Campus Housing Expenses
Costs for 2021-22
*Based on per-student pricing for two bedroom apartments. Average rate based on available apartments on Johns Hopkin’s off-campus housing website in 2022.
First-year students in the Arts and Sciences and Engineering programs are required to live on campus with one or two roommates. Even if you attend online classes, you are guaranteed housing on campus.
For upperclassmen interested in living off campus, JHU offers 24 commercial properties and many residential property options near the Homewood campus. Learn more about off-campus housing opportunities here.
Johns Hopkins University Acceptance Rate
The university is selective. The Johns Hopkins acceptance rate is just 11%.
Johns Hopkins University admissions have certain requirements with your application. Here’s what’s required and what’s recommended:
- Secondary school report
- Two teacher evaluations
- Mid-year report
- SAT or ACT scores
The deadline for Early Decision I applications is November 1, and January 3 for Early Decision II applications. Regular Decision applications are also due January 3. You can apply here .
SAT and ACT Scores
Johns Hopkins University is test-optional through the 2025/26 school year, though you may choose to submit your scores regardless. Here are the 25th and 75th percentile scores for reference:
Popular Majors at Johns Hopkins University
Johns Hopkins offers 52 majors and the ability for students to create their own academic adventures. Here are the most popular majors.
1. Molecular & Cellular Biology
The most popular major at Johns Hopkins is molecular and cellular biology. Students study biological principles and learn how to select controls, record observations, and draw conclusions through experiments.
Undergraduate degrees in 2020-21: 162
Neuroscience students can choose from one of four areas of concentration: cellular and molecular, cognitive, computational, or systems neuroscience. Many go on to graduate school or PhD programs.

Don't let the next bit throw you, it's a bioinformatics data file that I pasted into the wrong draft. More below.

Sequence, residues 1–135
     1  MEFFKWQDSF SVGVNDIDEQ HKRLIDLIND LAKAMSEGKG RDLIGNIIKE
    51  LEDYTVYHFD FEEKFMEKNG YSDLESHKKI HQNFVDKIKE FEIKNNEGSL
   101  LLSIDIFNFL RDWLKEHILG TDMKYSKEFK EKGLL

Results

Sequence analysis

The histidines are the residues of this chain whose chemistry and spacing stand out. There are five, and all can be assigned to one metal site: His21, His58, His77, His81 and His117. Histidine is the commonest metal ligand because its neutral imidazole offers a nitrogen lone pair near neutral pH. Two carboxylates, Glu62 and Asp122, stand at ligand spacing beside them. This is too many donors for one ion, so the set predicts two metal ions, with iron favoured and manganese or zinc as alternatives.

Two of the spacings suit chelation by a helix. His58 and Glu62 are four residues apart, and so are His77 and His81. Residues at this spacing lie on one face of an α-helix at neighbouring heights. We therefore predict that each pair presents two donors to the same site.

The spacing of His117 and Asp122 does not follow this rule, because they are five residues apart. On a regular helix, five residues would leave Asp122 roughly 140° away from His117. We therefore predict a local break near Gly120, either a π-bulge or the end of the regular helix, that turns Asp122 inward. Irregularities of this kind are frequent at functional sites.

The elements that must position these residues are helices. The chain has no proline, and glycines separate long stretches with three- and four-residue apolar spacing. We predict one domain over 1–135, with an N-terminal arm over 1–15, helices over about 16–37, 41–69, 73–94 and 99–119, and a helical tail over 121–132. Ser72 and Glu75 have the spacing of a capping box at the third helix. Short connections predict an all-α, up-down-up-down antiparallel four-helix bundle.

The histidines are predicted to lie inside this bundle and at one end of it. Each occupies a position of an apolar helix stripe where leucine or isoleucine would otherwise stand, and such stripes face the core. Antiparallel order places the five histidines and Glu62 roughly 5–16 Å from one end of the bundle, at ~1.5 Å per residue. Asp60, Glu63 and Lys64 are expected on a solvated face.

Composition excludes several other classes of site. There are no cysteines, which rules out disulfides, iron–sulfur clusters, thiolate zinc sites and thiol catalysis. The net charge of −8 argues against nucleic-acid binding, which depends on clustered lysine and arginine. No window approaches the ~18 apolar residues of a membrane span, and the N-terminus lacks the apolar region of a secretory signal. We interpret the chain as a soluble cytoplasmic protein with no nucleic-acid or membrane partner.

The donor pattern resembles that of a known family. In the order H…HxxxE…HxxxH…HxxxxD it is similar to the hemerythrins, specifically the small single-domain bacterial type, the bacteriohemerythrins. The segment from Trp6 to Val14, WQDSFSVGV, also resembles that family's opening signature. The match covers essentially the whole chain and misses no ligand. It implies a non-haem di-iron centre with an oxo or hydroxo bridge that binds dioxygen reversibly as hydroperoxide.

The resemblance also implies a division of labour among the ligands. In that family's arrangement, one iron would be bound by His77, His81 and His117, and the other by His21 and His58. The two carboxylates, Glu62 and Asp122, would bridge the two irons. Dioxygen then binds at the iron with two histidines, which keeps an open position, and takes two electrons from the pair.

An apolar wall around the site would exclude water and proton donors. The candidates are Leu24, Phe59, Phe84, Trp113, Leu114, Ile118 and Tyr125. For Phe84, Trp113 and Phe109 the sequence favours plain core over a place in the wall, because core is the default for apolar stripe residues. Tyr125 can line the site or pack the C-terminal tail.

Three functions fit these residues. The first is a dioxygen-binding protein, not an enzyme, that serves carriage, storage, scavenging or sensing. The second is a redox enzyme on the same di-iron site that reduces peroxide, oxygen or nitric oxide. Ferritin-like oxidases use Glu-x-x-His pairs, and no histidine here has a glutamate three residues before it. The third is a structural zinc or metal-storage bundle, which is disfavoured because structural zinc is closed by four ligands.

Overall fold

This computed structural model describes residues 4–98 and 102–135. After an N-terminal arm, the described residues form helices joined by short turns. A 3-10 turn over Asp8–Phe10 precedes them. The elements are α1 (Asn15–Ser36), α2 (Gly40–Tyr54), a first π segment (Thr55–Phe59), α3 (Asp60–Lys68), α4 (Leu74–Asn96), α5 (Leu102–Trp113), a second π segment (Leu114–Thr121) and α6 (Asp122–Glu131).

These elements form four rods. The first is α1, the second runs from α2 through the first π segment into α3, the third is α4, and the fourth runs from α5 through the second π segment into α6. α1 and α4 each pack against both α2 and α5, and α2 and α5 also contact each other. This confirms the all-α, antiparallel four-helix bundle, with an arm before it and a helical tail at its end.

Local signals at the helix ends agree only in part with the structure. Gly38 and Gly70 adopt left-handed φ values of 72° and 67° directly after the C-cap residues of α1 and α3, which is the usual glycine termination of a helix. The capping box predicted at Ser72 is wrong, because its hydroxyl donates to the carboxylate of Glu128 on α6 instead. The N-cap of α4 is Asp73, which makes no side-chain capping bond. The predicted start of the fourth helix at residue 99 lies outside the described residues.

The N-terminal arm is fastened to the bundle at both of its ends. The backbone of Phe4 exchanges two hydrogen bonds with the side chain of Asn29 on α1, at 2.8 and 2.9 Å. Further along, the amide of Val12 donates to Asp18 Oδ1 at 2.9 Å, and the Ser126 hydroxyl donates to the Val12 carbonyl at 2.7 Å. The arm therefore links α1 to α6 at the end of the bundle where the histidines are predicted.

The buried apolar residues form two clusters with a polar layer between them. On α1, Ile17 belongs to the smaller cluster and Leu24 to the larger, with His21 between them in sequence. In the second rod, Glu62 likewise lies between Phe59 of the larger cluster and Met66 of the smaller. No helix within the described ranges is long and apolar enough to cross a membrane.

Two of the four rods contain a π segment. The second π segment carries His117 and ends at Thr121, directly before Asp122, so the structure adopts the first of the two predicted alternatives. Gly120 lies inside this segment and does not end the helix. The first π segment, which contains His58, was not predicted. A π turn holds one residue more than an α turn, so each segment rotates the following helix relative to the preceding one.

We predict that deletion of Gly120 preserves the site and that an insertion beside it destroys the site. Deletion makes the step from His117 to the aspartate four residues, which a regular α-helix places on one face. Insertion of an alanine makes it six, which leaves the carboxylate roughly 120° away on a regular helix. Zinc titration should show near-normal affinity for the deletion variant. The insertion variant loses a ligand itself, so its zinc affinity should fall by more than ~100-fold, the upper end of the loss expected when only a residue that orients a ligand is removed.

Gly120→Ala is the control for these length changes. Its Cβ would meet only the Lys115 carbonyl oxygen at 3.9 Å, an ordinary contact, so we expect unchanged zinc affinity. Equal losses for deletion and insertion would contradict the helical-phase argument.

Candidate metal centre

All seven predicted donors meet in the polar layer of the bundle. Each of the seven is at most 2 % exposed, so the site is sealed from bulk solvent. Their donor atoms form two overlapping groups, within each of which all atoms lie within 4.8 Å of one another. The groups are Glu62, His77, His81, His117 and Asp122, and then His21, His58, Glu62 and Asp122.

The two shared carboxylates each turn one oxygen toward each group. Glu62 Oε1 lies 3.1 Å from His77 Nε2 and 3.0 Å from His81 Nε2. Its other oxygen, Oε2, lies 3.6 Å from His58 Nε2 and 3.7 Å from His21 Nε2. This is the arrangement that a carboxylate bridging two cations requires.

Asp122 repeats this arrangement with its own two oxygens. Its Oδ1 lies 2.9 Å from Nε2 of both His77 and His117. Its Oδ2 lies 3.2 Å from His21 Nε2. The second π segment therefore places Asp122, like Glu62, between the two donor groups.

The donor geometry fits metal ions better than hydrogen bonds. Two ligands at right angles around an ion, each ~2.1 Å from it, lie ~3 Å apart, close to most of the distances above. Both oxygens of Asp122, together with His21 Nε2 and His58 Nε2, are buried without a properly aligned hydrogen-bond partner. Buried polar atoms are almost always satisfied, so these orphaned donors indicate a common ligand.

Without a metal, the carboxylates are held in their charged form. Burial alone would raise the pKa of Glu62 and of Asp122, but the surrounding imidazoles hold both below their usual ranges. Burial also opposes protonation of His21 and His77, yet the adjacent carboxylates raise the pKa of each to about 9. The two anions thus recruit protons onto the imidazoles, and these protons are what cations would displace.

Undergraduate degrees in 2020-21: 135
3. Computer Science
One of the most popular majors at JHU is computer science, where students learn how to solve computing problems and design computing solutions. They also learn how to communicate and work with a team. One of the most popular majors at JHU is computer science, where students learn how to solve computing problems and design computing solutions. They also learn how to communicate and work with a team.
Undergraduate degrees in 2020-21: 131
4. Biomedical Engineering
Biomedical engineering students get a solid foundation in life sciences, mathematics, and engineering disciplines, as well as delve into advanced subjects in biomedical data science and computational medicine.
Undergraduate degrees in 2020-21: 114
5. Public Health Studies
Students interested in careers in public health will learn about the history of the field, as well as basic principles of public health and disease prevention. They will also gain valuable communication and problem-solving skills.
Undergraduate degrees in 2020-21: 106
6. International Studies
Students in this program look at international political, economic, historical, and cultural questions. They are able to choose courses that enhance their own interests.
Undergraduate degrees in 2020-21: 87
Economics students learn how markets and economies operate, and they sharpen their mathematical and statistical skills to analyze economic problems. Additionally, they learn to communicate and develop arguments, both written and spoken.
Undergraduate degrees in 2020-21: 76
8. Chemical & Biomolecular Engineering
Students in this program learn core chemical engineering principles as well as emerging disciplines. There are two areas of concentration to choose from: molecular and cellular bioengineering or interfaces and nanotechnology.
Undergraduate degrees in 2020-21: 69
Math lovers will learn about the foundations of analysis, including functions and their derivatives and integrals, and the fundamentals of advanced algebra, geometry, probability, and topology.
Undergraduate degrees in 2020-21: 52
10. Mechanical Engineering
JHU offers both a Bachelor of Science in mechanical engineering as well as engineering mechanics. Students can choose either an aerospace or biomechanics track.
Undergraduate degrees in 2020-21: 45
Use this here to find out more about the majors Johns Hopkins offers.
Johns Hopkins University has an exceedingly high graduation rate. Here are the rates for students who started their studies in 2014:
- 4 years: 89%
- 6 years: 94%
Post-Graduation Median Earnings
Graduates of JHU earn nearly double the average of graduates of private colleges in the U.S. At JHU, the average salary is $83,287, while the U.S. average is $47,891 per year.
For students interested in research and the sciences, Johns Hopkins University offers first-rate educational opportunities. And because the school is need-blind, your economic background won’t be a consideration in your application.
This article originally appeared on SoFi.com and was syndicated by MediaFeed.org.